The vibe from a User Experience perspective was that this technology allows technical capabilities on par with Flash/Flex, in terms of immediate responses, page activity occurring in the background, slick use of visual effects, transitions, etc.

One constant was the caution of not using Ajax just for the sake of it -- focus it primarily on high-interactivity areas.

The following presentations focused on the User Experience:

* Jesse James Garrett (Adaptive Path) coined the acronym AJAX ("Asynchronous Java and XML") to come up with a vocabulary word to encapsulate this combination and usage of technologies.

Jesse spoke on how Ajax changes the classic request-response web paradigm into one of constant, multi-threaded, asynchronous interaction, which opens new doors in terms of how users can interact with the web.

His original essay on Ajax is along the same lines.

* Bill Scott (Yahoo) spoke at length about UI patterns, which "describe an optimal solution to a common problem within a specific context".

He showed us Yahoo's new UE design pattern library, which attempts to concisely describe UI patterns such as:

- Auto-Complete
- Breadcrumbs
- Drag and Drop Modules
- Navigation Tabs
- Pagination
- Ratings

These are very detailed, and I'd think would be of interest to both UEs and Engineers in terms of functional requirements -- look here for an example.

Bill's blog can be found at .


Most of the other presentations were more technically-focused.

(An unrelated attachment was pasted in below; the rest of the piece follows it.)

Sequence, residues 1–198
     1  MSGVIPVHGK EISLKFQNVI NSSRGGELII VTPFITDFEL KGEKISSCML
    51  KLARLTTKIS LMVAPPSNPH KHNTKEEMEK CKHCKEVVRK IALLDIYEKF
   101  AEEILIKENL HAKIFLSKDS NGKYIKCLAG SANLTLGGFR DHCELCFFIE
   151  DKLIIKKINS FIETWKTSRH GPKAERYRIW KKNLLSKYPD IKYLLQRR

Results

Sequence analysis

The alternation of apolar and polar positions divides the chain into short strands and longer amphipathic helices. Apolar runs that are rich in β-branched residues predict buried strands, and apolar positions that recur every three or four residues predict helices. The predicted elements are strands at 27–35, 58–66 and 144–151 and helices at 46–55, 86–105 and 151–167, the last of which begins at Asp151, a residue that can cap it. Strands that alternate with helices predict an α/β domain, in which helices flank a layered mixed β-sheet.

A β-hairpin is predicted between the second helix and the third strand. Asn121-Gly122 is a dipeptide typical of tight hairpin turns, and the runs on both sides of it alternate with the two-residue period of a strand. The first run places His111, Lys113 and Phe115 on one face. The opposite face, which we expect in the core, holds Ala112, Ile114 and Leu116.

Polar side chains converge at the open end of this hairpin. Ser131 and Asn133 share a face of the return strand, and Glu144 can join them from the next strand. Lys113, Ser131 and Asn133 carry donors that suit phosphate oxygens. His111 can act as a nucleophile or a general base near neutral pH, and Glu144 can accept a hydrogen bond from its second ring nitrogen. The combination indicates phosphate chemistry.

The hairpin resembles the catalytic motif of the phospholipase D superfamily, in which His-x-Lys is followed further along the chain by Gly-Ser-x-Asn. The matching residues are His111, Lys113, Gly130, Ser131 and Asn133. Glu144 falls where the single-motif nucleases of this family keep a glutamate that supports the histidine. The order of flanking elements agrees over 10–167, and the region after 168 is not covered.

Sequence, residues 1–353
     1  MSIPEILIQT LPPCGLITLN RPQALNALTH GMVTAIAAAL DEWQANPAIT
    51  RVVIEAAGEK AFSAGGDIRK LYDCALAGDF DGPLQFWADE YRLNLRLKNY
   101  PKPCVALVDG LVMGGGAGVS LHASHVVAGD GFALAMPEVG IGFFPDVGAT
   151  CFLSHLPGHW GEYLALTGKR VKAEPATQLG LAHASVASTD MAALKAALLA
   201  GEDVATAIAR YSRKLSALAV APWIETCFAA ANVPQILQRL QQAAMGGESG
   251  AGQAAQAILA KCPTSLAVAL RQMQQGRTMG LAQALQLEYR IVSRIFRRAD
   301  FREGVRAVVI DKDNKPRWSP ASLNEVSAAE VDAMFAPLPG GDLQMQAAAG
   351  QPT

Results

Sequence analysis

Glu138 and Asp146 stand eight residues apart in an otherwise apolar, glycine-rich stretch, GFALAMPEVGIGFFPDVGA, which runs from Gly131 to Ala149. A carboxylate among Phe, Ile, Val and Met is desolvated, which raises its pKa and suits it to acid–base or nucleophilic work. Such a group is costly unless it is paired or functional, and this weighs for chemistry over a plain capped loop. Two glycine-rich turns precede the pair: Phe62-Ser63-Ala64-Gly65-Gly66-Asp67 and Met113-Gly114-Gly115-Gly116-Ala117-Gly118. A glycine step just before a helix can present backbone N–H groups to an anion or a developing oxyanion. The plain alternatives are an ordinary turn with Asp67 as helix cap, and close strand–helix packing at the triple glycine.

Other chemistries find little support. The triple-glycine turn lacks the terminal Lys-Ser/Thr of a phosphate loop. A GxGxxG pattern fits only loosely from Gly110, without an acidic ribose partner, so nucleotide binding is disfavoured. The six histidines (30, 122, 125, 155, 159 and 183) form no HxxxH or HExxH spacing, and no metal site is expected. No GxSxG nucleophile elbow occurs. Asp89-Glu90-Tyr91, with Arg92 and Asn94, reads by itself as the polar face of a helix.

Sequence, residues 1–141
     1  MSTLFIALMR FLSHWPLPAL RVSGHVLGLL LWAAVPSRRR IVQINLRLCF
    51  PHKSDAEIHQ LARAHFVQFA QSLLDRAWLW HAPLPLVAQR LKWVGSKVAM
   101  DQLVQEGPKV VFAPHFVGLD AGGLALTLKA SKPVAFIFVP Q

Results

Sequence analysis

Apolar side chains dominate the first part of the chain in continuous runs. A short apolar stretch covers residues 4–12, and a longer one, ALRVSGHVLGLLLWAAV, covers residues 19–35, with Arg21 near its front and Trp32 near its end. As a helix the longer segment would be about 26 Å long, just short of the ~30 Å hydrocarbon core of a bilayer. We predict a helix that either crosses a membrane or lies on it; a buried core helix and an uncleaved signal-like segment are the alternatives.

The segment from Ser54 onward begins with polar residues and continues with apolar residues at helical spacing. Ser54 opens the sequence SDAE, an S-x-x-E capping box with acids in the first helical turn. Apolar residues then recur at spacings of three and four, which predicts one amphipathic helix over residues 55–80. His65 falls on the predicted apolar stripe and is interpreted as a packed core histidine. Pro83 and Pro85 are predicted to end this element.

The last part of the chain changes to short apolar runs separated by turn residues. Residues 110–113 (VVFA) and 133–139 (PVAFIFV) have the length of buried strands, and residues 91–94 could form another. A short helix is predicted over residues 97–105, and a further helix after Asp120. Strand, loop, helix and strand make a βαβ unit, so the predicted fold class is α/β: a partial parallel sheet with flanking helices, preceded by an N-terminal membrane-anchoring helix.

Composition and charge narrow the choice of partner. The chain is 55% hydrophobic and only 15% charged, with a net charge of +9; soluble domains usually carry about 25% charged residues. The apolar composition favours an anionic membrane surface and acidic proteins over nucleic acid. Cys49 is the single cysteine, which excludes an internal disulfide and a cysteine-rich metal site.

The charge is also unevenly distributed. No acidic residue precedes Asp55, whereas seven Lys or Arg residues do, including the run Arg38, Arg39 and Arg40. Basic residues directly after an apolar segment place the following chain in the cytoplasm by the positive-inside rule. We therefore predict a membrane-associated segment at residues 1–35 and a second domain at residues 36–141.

In the technical Ajax community, there an interesting divergence in opinion regarding what exactly should come across the XMLHTTPRequest pipe -- Model data, or View data.

* Kevin Hakman (TIBCO/General Interface/Perficient) gave us a sales pitch that described TIBCO's "General Interface" offering. This software allows users to visually construct a user interface which is ultimately rendered as a very fat JavaScript client.

They advocate using the request pipe purely to transact XML model data, and to build the entire MVC framework in JavaScript in the Web Browser.

* David Heinemeier Hansson (37signals), the creator of Ruby on Rails (!!!), begged to differ -- his approach of using Ruby on Rails with Prototype (a browser abstractor) and Scriptaculous (a DHTML scripting library) results in the web browser acting more or less like a frame-set and tile-set, with the server passing exclusively HTML snippets over the pipe.

David's approach has a number of advantages (lightweight client, memory leak avoidance, lower latency, generally improved performance, security, architectural elegance, etc.), but particularly interesting was that his demo would automatically function in a basic (fallback) mode if JavaScript is disabled. This would be tremendously important for sites that must adhere to accessibility standards.

* Rob Gonda, Editor-in-Chief of AJAX Developer's Journal and CTO of iChameleon, gave a rather dry presentation that essentially agreed with David's approach (transmit the View, not the Model) for other reasons -- specifically, security. Rob discussed a number of ways to address security concerns with Ajax technologies.